What’s the Best Coffee for French Press?
On the face of it, the French press coffee maker is one of the simplest brewing methods there is: Grind coffee, add hot water, wait a few minutes, and then press the plunger. What could be simpler?
There’s one really important step you’re missing: if you pick the wrong beans, you end up with a chewy cup of bitter-tasting mud instead of the rich, sophisticated brew you’re longing for.
What coffee beans brew up the best French press coffee? Let’s review the way the French press works to understand how to choose the best coffee for French press brewing
Pact’s VILLA RUBIELA ESPRESSO
Perfectly roasted to a balanced medium-roast profile, these Colombian beans produce a full-bodied, magical tasting French Press brew that will leave you wanting more. Organic, shade grown, washed-processed – give them a try.
Getting the Most Out Of Your French Press
Of course, step 1 is to brew with good coffee beans.
Because the French press uses a stainless steel mesh filter to screen out the grounds, more of the delicious oils and solids from the coffee bean end up in your cup. Some coffee drinkers like the “chewy” texture produced by a French press, while others object to it. There are ways to minimize the mud, but essentially, steeping ground coffee in water and then pressing them down with a mesh filter is going to leave a little bit of silt in your cup.
The traditional solution to this is to use coarse ground coffee. In addition to reducing the number of tiny particles that the mesh filter can’t capture, a coarse grind tends to make French press coffee sweeter and less bitter.
When shopping for the right coffee for French press, most fans of the brew method prefer a medium or a dark roast. The French press brew method reduces the perceived bitterness that some people object to with dark roasted coffee beans. Mostly, though, it’s for the simple reason that a smoky, dark brew just suits the character of the press pot.
The usual keys to getting great coffee with any brew method, of course, work for the French press:
- Invest in a quality french press. Here are the best french press coffee makers of 2020.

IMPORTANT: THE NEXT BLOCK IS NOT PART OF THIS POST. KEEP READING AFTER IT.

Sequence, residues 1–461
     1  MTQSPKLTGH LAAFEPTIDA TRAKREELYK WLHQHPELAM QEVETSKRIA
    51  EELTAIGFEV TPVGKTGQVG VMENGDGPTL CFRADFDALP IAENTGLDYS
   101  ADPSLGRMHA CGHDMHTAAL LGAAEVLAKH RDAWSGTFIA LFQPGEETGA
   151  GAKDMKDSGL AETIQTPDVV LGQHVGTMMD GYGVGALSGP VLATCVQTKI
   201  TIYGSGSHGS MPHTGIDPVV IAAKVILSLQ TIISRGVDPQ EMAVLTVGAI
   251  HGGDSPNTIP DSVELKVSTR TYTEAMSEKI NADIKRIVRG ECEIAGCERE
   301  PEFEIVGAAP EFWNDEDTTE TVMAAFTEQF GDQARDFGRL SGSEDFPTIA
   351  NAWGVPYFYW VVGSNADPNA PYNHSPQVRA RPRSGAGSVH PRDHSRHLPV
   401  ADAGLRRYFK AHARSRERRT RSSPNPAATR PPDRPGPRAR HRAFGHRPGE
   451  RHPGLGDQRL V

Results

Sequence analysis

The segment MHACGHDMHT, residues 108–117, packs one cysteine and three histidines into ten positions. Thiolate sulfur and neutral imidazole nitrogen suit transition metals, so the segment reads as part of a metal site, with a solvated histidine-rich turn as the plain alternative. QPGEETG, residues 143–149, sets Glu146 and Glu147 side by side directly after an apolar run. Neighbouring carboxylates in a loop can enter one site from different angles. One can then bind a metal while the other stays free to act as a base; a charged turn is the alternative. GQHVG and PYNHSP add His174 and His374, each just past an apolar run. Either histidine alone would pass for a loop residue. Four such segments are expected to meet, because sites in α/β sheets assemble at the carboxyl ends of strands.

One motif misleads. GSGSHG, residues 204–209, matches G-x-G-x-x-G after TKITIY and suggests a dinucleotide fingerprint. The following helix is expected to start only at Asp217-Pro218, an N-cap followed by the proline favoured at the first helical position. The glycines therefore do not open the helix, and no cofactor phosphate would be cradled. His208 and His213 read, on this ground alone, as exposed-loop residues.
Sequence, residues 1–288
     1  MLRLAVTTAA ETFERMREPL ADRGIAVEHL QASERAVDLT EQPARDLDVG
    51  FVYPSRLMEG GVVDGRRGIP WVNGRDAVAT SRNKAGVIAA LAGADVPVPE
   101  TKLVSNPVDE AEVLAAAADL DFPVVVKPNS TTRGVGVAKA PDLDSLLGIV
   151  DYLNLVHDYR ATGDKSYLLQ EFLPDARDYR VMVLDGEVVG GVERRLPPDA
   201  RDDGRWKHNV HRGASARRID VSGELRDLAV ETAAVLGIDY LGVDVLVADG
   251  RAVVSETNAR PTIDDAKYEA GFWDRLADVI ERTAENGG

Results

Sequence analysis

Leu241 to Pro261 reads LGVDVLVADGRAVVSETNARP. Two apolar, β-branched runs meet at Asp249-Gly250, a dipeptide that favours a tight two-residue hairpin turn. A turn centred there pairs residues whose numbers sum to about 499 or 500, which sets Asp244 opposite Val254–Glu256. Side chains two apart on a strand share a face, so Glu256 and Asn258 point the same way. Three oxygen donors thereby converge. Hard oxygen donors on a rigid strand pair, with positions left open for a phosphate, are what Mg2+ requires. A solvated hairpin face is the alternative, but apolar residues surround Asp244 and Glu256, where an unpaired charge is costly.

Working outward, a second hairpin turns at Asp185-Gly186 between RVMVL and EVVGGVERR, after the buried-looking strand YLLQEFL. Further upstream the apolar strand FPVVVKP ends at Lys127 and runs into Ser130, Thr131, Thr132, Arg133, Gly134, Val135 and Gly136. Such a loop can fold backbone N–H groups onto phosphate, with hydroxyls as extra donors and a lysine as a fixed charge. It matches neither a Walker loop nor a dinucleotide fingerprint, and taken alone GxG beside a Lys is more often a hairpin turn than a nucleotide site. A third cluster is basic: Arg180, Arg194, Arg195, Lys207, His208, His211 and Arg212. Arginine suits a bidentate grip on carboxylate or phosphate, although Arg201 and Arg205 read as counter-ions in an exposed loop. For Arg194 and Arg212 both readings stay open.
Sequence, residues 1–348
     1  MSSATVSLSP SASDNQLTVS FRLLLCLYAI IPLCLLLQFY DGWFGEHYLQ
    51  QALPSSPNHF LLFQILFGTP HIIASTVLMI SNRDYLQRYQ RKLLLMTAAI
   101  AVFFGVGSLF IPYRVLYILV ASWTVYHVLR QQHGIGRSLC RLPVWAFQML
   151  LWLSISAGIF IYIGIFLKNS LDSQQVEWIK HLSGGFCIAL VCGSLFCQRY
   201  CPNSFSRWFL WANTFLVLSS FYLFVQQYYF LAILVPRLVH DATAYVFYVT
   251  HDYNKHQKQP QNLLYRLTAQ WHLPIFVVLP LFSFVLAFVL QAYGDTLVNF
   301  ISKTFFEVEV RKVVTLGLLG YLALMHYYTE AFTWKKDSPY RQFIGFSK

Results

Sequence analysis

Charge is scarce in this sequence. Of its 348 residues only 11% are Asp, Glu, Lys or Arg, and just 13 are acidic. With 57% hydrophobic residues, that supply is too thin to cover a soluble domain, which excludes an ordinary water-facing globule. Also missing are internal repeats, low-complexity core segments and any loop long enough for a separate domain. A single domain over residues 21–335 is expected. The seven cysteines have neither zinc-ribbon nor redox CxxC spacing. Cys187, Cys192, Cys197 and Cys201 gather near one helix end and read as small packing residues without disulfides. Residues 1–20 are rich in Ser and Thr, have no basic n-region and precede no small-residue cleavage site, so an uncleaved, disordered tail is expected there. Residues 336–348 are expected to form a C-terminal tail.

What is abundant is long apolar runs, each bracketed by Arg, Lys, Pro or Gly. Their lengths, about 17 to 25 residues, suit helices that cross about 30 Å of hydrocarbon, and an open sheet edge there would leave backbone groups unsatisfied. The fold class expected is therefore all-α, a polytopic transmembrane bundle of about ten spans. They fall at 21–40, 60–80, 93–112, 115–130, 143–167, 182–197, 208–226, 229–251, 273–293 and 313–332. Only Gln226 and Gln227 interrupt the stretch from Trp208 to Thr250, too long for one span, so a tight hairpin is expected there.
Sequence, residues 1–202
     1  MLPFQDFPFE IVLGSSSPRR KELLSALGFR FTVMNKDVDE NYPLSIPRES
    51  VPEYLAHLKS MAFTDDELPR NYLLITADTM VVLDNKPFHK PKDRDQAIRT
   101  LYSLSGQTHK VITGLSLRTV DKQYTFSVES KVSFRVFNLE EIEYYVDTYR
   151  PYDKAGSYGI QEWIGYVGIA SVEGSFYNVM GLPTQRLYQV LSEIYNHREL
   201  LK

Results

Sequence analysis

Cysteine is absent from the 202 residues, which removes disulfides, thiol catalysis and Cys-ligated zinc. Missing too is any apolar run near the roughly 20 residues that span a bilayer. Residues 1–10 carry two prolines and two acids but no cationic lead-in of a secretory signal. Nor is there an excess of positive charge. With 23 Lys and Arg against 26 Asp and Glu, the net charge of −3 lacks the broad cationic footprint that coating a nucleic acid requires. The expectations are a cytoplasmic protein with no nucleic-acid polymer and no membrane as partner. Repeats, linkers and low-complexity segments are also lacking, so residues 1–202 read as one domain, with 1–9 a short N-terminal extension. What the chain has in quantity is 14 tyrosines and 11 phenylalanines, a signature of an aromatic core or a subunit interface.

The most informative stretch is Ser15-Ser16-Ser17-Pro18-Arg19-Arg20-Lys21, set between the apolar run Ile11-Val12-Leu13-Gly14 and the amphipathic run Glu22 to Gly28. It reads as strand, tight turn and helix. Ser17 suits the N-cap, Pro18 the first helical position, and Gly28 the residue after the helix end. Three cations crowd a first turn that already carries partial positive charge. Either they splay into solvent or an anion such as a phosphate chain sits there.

- Try to stay away from pre-ground coffee as much as possible. It loses its freshness too quickly. Buy good quality whole bean coffee and grind it immediately before brewing.
- Use a good coffee grinder (burr, not blade), and a good french press (here is a list – avoid the cheap £1 shop options)
- Purchase from reliable coffee roasters that roast their coffee beans fresh.
- Properly clean your french press (like this) often to ensure your brew tastes clean.
PRO TIP: The French press needs a higher coffee-to-water ratio, with more coffee than the SCAA’s “golden ratio” (55 grams per litre). Our French Press brew guide suggests 27g of coffee for 350 ml of water (about 3/4 of the water you’d expect to use in a drip coffee maker).
So with all that in mind, here are our five choices for the best coffee beans to use in your French press:
5 beans for Great French Press Coffee
|Pact’s VILLA RUBIELA ESPRESSO||CHECK PRICE|
|Clumsy Goat Fairtrade Peruvian Coffee Beans||CHECK PRICE|
|Single origin coffee beans “DR Congo Kivu”||CHECK PRICE|
|Bird & Wild RSPB Coffee||CHECK PRICE|
|Indonesia Sumatra – Swiss Water Decaf Decaffeinated Coffee||CHECK PRICE|
Pact coffee doesn’t like the word “subscription”, instead, they offer what they call coffee plans. You can choose your roast, grind and whether you want coffee from the House, Select or Micro-lot range. This relates to both the quality score and the amount paid to farmers for the beans.